What Is All the Fuss about Hemp?
Why isn’t hemp grown in the U.S.? Why is the U.S. alone among industrial nations in not producing hemp?
Apparently hemp is too close to its cousin marijuana for someone's comfort. It is illegal to grow hemp in the U.S. without a federally-granted experimental license. Licenses have been granted, though, and many states have introduced and even passed legislation allowing cultivation or production of industrial hemp. Hemp remains in the news, and industrial hemp organizations will continue to push. [See recent story in the Vermont Guardian, “Hemp push pits U.S. against states, 30 countries”: http://www.vermontguardian.com/dailies/0904/0121.shtml ]
A few years ago, the Drug Enforcement Administration attempted to ban nutritional and some cosmetic products that contained non-psychoactive hemp seeds or hemp seed oil for reasons that had been dismissed elsewhere within the federal government. By doing this through reinterpretation of existing regulations rather than through new legislation, the DEA side-stepped some of the more reasonable U.S. federal approaches to industrial hemp.
All this fuss just because hemp is related to marijuana. But hemp does not have high enough THC levels to get anyone high, even if just a few molecules of THC can land a person in jail. That is just a smokescreen.
Perhaps there is a fuss because hemp is too easy to grow and could replace industrial cotton, a pesticide-heavy crop, as the primary American fiber. That would be bad for the cotton industry and bad for chemical companies that provide the pesticides and processing chemicals for cotton.
Hemp can also be used more widely, if grown domestically, as a nutritional and cosmetic additive. That would have far-reaching effects on other powerful lobbies.
Hemp is strong and versatile. There are more reasons to grow it and more reasons it scares people. Follow your curiosity---and then talk about it.
OK, if it’s so great, why did Firefly phase out hemp/cotton for diapers?
We have been balancing several priorities for a while: function, origins (including labor), and production. As long as only hemp/cotton functioned at the highest levels, we maintained all of our products in both hemp/cotton and organic cotton.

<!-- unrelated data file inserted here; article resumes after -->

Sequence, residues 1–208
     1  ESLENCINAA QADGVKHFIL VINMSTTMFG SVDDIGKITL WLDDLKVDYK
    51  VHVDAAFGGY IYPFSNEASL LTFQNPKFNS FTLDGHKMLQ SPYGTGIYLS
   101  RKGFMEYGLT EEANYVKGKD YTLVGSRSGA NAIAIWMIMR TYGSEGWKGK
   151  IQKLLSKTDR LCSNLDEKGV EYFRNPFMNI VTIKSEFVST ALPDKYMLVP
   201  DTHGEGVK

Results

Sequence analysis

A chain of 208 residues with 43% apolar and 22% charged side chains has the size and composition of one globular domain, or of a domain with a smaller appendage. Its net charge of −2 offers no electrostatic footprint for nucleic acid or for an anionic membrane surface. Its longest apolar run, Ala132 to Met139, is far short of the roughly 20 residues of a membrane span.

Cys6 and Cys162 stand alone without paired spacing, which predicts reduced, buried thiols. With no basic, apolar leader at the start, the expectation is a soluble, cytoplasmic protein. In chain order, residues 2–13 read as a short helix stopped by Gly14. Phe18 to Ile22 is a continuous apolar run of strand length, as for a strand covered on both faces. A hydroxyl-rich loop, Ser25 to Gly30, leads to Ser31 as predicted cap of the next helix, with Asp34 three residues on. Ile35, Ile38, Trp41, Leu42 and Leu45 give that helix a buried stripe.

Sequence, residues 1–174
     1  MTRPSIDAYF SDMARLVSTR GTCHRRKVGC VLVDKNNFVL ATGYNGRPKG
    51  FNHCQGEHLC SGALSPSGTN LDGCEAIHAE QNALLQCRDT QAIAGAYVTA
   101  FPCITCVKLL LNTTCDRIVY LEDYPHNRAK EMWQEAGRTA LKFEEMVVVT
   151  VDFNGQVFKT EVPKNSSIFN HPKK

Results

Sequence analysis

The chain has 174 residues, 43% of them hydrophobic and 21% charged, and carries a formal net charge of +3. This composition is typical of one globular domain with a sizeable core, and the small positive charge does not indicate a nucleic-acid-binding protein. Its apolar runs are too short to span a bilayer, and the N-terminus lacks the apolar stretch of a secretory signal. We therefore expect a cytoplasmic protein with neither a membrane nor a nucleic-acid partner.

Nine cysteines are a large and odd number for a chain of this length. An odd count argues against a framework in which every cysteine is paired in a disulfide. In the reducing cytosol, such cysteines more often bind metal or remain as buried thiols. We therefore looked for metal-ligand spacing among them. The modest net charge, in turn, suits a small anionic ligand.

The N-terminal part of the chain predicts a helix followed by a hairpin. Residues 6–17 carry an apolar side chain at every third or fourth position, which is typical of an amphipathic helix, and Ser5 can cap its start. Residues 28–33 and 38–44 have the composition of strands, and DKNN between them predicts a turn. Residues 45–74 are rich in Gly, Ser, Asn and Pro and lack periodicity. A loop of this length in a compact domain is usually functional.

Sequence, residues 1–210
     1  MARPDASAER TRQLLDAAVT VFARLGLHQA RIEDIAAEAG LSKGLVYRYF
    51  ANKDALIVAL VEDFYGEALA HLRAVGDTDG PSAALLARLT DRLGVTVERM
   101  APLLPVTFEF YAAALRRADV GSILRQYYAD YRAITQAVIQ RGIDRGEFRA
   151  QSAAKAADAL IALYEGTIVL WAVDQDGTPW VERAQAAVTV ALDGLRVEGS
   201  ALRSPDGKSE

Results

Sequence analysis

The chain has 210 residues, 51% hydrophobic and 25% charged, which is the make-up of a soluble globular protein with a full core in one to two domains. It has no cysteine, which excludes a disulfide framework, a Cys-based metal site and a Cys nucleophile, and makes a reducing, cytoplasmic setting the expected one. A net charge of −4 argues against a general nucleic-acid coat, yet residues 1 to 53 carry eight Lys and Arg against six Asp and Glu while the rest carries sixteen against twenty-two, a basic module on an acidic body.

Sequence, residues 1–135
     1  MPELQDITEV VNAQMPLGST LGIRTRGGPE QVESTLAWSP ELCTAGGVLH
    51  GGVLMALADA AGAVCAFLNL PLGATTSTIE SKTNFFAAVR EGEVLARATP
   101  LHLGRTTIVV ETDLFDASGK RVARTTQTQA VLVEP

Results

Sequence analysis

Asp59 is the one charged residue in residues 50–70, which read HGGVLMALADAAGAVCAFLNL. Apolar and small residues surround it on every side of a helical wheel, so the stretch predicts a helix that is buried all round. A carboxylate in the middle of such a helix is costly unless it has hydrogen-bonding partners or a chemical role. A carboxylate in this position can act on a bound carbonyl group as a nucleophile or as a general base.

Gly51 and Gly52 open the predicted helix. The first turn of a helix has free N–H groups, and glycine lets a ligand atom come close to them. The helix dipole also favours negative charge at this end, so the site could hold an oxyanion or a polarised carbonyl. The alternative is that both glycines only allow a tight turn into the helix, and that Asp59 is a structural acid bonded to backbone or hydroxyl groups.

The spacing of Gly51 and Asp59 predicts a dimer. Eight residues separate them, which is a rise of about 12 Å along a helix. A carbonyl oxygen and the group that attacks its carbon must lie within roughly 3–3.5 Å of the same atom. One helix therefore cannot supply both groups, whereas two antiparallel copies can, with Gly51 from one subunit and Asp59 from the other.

We were uneasy about importing fabric from China, though. I don't want to import fabric. I especially don't want to do this as so many of the mills that supplied nice fabrics to us in the past have closed their U.S. plants within the past few years and moved to China. I see the effects of this all around me in unemployment. I want to use domestically produced fabrics.
What about China? I don't know enough about the specifics of production of the hemp/cotton we used, despite years of asking. The best answer I received was that the hemp/cotton was produced in a "campus-like setting." Sounds lovely. I wonder what it means.
Once I found a U.S. producer who could make a thicker, more absorbent organic cotton fleece for me, the choice was clear. Organic cotton all of the way.
Hemp is much easier on the environment than cotton, but industrial hemp is not grown in the U.S.
The social costs are our higher priority at this time. Like most of you, we are improvising our best solutions based on our current information. When beautiful, soft, absorbent hemp is available produced in the U.S. or Canada, you will see hemp Firefly Diapers again.
See our industrial hemp resource page for more information.
copyright © 2000 - 2007 Lori Taylor. Used by permission.